- Rising grape costs are prompting some large U.S. wine companies to rethink supply strategies.
From the San Francisco Chronicle:
U.S. wineries producing lower-cost wines face shrinking profit margins as a tightening supply of domestic grapes lifts prices for the fruit, Rabobank International said.
Rising grape costs are prompting some large U.S. wine companies to rethink supply strategies, Rabobank analysts Stephen Rannekleiv, Marc Soccio and Valeria Mutis wrote in a report published Wednesday. That may help vineyard prices "in the near future," they wrote.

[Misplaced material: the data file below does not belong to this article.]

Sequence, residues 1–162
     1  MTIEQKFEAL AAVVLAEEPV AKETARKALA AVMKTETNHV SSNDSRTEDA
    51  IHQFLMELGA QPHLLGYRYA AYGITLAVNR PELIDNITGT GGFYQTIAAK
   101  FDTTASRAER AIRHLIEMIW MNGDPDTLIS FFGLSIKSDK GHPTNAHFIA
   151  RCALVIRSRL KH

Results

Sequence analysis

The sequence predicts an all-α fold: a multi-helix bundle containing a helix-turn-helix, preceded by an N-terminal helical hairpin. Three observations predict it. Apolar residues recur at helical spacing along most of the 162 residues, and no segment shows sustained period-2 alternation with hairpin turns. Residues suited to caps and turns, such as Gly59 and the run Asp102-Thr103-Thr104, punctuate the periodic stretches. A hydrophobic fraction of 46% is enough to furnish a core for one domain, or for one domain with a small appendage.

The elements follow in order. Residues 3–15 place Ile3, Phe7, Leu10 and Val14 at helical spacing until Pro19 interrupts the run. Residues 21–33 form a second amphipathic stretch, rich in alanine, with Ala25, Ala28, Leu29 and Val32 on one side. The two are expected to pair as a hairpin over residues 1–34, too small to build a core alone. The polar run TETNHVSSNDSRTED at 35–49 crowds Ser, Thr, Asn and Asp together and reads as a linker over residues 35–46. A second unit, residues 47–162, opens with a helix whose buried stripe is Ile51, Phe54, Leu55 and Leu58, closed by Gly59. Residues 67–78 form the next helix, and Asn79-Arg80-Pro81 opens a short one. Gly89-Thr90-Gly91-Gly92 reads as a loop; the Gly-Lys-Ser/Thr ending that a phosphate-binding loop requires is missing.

U.S. wine consumption has risen for the past 17 years, while grape area has been "fairly flat," Rabobank said. Spot prices for Chardonnay grapes in the Napa Valley rose to between $1,300 and $2,000 a metric ton this year from $700 to $1,300 in 2010, San Rafael wine and grape broker Ciatti Co. said in a July presentation.
For more, see: Tightening grape supply alters winery strategies